SPEAKER: Dr Theresa Jones, The Behaviour and Evolution Group, The School of BioSciences, The University of Melbourne
DATE: Friday, 6th November 2015
LOCATION: Geelong Campus at Waurn Ponds, CADET Building, Room KE1.207
TIME: 12:00 noon
Seminar will also be video linked to the following campuses: Melbourne Campus at Burwood HD3.008; and Warrnambool Campus, Room C1.13
ABSTRACT: The global increase in the radiance of artificial light at night (ALAN) is regarded as one of the most pervasive and under-appreciated forms of environmental pollution. Current ALAN levels in urban environments have been linked to changes in behaviour, reductions in individual fitness, declinesin species abundance and dramatic shifts in ecosystem composition.
One potential explanation for these biological disruptions is that ALAN lowers circulating levels of the hormone melatonin; a key regulator of day-night rhythm and a possible anti-oxidant. Melatonin is a highly conserved protein identified in all major taxonomic groups. However, most studies exploring links between ALAN, melatonin levels and changes in biological process are correlational.
We take a largely experimental approach in our research as we strive to understand the mechanisms driving the ecological impact of artificial light at night. Understanding the links between LAN intensity and spectra, levels of circulating melatonin and immune function, survival, and reproduction provides the critical foundation for the future development of sustainable urban lighting strategies.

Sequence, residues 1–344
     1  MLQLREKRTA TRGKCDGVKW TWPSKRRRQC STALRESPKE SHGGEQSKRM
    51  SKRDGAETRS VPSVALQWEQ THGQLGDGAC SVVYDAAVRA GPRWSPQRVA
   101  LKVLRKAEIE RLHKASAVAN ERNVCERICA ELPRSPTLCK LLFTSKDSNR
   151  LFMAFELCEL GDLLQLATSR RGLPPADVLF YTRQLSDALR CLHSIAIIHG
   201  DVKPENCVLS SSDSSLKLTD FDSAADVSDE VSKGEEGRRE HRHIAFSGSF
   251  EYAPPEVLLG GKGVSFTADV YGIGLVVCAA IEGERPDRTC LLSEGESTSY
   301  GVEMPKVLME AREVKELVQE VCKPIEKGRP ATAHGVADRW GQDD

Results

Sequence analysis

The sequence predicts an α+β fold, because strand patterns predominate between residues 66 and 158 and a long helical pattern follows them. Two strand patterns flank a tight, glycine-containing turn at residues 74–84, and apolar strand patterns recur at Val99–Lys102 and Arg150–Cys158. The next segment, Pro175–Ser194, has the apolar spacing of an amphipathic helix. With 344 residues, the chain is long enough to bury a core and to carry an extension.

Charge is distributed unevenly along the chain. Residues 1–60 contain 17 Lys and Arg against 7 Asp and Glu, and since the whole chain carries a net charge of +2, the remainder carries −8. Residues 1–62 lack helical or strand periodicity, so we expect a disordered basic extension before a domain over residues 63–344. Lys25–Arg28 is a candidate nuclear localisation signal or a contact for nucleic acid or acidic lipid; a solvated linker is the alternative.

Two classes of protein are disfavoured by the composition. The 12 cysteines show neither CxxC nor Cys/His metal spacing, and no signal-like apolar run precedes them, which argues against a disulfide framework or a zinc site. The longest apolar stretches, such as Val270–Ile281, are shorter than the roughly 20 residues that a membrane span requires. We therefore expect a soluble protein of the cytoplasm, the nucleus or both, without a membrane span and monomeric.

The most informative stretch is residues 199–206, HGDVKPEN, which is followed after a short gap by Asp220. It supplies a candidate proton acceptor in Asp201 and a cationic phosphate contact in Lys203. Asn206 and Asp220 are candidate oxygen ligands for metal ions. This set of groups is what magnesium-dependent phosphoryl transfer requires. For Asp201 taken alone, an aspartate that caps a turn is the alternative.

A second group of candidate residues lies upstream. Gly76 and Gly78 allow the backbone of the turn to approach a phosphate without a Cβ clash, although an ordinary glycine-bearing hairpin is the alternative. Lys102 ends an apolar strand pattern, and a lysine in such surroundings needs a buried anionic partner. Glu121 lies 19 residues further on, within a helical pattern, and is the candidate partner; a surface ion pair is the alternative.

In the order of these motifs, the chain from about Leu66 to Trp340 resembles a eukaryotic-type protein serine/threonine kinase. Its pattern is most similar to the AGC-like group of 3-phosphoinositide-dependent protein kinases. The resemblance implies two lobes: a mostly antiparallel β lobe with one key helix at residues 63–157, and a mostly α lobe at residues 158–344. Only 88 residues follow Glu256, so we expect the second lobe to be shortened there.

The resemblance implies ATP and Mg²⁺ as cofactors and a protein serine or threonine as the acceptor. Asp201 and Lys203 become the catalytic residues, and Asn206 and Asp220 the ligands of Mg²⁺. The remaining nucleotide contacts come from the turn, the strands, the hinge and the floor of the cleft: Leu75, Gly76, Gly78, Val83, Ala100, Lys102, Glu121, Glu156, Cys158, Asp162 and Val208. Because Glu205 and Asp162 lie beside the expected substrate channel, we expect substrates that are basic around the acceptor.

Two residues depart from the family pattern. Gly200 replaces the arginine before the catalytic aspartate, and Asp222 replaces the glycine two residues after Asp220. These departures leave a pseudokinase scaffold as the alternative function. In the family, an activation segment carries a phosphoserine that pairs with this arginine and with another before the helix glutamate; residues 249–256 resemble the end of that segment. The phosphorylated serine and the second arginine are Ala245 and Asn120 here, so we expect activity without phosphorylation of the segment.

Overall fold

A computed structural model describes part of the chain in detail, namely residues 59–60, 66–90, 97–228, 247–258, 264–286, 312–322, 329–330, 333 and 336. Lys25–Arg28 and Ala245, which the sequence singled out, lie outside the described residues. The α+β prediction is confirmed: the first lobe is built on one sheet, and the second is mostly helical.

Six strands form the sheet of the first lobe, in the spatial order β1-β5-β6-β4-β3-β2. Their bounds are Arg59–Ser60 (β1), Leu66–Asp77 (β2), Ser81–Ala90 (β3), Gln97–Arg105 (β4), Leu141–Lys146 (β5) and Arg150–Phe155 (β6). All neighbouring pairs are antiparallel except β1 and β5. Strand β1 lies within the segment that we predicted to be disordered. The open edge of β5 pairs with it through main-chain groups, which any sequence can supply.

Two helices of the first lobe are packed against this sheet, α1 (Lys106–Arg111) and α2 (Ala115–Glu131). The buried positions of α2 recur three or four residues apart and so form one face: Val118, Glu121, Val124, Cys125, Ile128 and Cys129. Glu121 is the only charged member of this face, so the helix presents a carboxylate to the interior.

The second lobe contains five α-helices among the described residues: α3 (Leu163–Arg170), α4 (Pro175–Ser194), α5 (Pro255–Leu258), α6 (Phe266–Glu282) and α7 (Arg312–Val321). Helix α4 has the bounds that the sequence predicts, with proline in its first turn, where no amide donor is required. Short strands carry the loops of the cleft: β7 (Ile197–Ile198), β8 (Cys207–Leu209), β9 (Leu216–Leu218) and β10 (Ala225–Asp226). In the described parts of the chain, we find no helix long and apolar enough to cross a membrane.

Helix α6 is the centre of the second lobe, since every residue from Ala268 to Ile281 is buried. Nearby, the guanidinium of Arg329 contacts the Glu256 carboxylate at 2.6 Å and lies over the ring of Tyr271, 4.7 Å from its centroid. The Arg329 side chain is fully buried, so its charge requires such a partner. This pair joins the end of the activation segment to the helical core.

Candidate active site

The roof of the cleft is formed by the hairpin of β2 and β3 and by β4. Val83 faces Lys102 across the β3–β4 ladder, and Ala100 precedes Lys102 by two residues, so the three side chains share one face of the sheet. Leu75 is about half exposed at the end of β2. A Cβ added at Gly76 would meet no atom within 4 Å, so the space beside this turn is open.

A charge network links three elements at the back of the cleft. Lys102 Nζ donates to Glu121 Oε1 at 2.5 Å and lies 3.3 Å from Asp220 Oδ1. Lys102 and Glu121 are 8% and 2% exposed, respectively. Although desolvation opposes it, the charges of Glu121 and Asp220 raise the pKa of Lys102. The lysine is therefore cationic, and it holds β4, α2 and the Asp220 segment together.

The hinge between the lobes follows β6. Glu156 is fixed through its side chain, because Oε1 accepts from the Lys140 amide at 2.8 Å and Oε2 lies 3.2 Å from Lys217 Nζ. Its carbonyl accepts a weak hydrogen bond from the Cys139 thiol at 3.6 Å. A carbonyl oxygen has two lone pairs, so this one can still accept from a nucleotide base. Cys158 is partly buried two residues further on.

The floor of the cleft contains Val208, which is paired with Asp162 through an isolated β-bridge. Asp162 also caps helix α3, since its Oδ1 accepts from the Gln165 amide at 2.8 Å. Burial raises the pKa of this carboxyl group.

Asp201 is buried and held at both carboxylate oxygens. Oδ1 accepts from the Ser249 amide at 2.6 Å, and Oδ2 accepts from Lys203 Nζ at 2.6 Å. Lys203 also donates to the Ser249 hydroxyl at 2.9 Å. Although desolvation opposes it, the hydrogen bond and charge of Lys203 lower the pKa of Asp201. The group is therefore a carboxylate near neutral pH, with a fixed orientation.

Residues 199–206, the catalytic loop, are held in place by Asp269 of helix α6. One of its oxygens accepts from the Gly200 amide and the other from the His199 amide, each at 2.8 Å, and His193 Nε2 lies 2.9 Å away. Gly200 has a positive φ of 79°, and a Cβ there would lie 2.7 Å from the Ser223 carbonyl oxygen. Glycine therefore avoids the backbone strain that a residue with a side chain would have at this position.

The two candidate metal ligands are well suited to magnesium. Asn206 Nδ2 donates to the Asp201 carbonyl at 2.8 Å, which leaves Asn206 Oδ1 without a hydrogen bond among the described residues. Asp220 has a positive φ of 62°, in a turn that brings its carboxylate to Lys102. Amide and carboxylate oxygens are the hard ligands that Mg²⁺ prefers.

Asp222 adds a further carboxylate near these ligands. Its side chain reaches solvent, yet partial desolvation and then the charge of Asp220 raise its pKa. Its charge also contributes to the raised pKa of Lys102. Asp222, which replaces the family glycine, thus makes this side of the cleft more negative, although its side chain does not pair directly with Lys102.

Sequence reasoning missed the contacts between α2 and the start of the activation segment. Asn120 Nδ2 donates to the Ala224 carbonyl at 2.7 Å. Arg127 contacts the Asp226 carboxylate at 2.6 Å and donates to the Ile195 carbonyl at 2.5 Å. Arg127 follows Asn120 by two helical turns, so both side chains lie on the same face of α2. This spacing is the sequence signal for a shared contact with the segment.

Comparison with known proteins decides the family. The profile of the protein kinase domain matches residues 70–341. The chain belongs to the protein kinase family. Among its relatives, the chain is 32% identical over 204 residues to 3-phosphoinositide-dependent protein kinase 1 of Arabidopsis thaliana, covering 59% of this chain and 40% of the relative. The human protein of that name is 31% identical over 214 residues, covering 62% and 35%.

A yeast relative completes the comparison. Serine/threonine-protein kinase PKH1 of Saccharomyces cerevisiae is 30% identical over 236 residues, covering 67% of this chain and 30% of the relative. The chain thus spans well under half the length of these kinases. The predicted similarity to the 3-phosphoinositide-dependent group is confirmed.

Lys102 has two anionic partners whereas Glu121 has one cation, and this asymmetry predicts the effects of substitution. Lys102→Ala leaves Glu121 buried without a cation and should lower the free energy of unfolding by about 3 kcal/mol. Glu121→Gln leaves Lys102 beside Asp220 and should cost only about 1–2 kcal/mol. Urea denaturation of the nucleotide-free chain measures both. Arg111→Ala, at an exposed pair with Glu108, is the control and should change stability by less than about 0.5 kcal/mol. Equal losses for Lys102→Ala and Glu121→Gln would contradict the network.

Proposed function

Such strategies will need to balance the potential conflict between growing human demands for brighter night lighting and the adverse ecological effects this may promote.
- PhD: The Institute of Zoology, London – sexual selection in lekking sandflies; fieldwork in Brazil.
- First postdoc: Uppsala University, Sweden – workedon lekking Hawaiian Drosophila and the ruff (Philomachus pugnax); fieldwork on Gotland (island on the east coast of Sweden) and on Maui in Hawaii.
- 2001 – Royal Society Travel Fellowship – Melbourne University (one year only; l honestly meant to return to the UK) looking at age related male mating success in the hide beetle; no fieldwork, I was stuck in a basement in zoology with no window.
- Then series of postdocs with Mark Elgar – spiders, zeus bugs and beetles; fieldwork in Cairns, Euroa and Shepparton.
- Lecturer since 2011.
- About four years ago – moved into ecological light pollution which is where the majority of my group now works and the others get bored of us talking about it!
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